Fenestration requirements call for impact resistant assemblies in windborne debris regions, which are defined as regions within 1 mile (1.6 km) of the coastal mean high water line, where the basic wind speed is 110 mph or greater, and all regions where the basic wind speed is 120 mph or greater. The impact-resistant requirement applies to windows, unit skylights, sliding glass doors, glass patio doors, doors with glazing and garage doors with glazing.

The standard does not deal with flood resistance. Appendix B of the standard provides guidance for flood-resistant foundations for buildings with wood or light steel-framed walls. A building of wood or light steel-framed walls, not more than two stories high, that complies with ICC-600 may be supported with an Appendix B fl ood-resistant foundation.

Reference Documents

A committee of building safety, government, insurance, manufacturing and industry association officials developed the standard, choosing not to reinvent prescriptive details already available in other standards created by technical experts. As a result, ICC-600 references construction manuals for framing details for both wood-frame construction and cold-formed steel framing.

For wood-framed construction, the referenced document is ANSI/AF&PA Wood Frame Construction Manual, 2001 Edition, written by the American Forest and Paper Association, Washington, D.C. For cold-formed steel construction, the referenced document is ANSI/ AISI/S230 Standard for Cold-Formed Steel Framing-Prescriptive Method for One- and Two-Family Dwellings, written by the American Iron and Steel Institute, Washington, D.C.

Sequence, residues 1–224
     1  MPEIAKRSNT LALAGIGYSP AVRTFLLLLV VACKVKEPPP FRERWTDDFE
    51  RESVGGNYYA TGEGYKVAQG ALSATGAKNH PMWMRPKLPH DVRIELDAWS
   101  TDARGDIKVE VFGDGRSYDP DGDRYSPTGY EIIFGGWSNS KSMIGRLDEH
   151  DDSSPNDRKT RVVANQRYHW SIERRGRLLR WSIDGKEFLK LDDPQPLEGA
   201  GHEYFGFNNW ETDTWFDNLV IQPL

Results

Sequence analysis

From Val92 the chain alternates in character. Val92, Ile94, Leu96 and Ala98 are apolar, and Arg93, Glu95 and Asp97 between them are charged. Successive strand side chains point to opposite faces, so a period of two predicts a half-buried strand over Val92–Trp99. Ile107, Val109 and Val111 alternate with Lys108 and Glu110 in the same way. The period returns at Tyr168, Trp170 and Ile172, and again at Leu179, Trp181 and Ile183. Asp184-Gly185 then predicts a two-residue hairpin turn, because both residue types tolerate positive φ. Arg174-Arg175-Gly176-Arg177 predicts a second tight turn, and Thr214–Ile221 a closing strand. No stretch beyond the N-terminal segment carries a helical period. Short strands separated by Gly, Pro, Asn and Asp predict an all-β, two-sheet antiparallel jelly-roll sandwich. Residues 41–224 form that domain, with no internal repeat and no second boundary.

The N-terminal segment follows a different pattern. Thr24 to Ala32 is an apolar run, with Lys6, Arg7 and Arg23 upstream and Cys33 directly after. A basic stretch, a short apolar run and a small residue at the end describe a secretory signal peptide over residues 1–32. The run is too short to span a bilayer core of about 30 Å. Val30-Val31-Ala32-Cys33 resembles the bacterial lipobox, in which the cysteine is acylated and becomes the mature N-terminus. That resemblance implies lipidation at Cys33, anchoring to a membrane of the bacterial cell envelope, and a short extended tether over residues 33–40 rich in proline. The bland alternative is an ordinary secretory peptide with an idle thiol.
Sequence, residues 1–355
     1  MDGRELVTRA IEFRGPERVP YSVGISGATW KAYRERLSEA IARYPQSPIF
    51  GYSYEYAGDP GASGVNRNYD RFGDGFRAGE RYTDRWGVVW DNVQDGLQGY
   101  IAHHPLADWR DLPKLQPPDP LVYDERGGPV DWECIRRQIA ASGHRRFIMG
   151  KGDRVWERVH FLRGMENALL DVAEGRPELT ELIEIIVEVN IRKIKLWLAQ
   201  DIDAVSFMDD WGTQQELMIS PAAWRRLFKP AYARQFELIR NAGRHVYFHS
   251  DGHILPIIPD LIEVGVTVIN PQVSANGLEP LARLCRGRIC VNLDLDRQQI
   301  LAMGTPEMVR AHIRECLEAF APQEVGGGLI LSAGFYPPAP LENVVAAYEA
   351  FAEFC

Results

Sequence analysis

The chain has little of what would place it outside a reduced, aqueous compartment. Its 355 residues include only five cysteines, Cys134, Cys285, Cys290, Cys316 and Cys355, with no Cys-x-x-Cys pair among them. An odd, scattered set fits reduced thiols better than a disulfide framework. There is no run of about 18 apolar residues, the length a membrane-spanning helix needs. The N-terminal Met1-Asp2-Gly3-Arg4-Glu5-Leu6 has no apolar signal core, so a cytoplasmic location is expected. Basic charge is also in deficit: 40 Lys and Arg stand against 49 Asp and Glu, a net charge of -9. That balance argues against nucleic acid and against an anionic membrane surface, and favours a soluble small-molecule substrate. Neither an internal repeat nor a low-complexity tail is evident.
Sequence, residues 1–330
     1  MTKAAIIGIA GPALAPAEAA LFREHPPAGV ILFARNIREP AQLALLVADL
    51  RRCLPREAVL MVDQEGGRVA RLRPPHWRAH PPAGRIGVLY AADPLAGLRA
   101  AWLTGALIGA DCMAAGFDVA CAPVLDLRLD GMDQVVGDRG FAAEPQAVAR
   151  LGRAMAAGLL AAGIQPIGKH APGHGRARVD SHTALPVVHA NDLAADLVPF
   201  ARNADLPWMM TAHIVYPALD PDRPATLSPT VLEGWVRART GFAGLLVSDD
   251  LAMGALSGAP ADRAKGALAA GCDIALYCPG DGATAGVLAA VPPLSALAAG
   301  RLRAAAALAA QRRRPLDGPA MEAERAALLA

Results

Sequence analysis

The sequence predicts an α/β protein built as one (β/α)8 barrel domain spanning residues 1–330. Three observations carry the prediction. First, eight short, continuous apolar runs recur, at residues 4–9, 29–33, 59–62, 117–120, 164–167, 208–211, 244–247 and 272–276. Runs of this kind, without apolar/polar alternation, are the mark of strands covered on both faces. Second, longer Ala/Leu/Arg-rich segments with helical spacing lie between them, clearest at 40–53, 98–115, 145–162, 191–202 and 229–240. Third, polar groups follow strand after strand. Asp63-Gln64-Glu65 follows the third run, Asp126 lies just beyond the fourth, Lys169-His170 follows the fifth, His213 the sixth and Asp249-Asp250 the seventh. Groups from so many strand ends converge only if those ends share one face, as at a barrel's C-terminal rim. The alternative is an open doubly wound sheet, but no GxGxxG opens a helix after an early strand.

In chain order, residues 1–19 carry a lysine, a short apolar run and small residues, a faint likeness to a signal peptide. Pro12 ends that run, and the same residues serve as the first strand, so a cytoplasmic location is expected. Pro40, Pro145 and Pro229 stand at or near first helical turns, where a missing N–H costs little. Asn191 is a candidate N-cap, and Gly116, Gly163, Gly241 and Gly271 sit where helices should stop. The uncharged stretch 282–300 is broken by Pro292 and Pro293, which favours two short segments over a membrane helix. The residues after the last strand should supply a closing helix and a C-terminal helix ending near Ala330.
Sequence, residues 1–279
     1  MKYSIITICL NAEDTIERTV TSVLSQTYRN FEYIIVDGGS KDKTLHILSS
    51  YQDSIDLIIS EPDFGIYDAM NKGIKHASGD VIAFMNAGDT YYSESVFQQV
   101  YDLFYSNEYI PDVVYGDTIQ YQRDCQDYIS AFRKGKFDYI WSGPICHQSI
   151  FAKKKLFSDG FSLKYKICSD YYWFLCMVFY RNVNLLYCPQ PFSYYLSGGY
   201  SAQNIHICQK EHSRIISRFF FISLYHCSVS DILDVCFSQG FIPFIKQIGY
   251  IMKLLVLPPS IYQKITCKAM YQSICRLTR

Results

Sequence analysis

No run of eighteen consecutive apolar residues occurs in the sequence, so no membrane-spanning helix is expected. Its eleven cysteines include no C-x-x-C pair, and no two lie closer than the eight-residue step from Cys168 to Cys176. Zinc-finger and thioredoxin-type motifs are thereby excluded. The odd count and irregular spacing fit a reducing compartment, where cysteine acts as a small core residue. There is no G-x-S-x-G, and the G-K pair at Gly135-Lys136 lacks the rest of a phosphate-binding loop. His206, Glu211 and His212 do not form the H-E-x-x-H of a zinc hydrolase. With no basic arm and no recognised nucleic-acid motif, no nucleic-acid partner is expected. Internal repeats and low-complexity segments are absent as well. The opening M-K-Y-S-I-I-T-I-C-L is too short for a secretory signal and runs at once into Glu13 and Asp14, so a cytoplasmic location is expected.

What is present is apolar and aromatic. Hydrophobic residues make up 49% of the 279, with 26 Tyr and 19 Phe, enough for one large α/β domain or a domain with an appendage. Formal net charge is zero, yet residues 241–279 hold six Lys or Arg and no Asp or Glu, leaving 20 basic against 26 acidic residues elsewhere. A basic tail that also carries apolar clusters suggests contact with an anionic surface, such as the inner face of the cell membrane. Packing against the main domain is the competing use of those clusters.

The Details

The Standard for Residential Construction in High Wind Regions became available in September 2008 for communities to adopt and is a referenced standard in the 2009 International Residential Code and 2009 International Building Code.

In related news, the ICC subsidiary, International Accreditation Service, has new accreditation criteria for Inspection Programs for Manufacturers of Metal Building Systems, AC472. This comprehensive accreditation program for the inspection of metal buildings is based on the requirements of Chapter 17 of the IBC and provides code officials with a means to approve the inspection programs of manufacturers involved in the fabrication of metal building systems.

To purchase ICC-600, Standard for Residential Construction in High Wind Regions, visit the International Code Council Web site at www.iccsafe.org or call (800) 786-4452. To learn more about IAS Inspection Programs for Manufacturers of Metal Building Systems, visit www.iasonline.org or call (866) 427-4422, ext. 3309.

David Bowman, P.E., is manager of codes at the International Code Council, Washington, D.C. The ICC, a membership association dedicated to building safety and fire prevention, develops the codes used to construct residential and commercial buildings, including homes and schools.

www.iasonline.org; www.iccsafe.org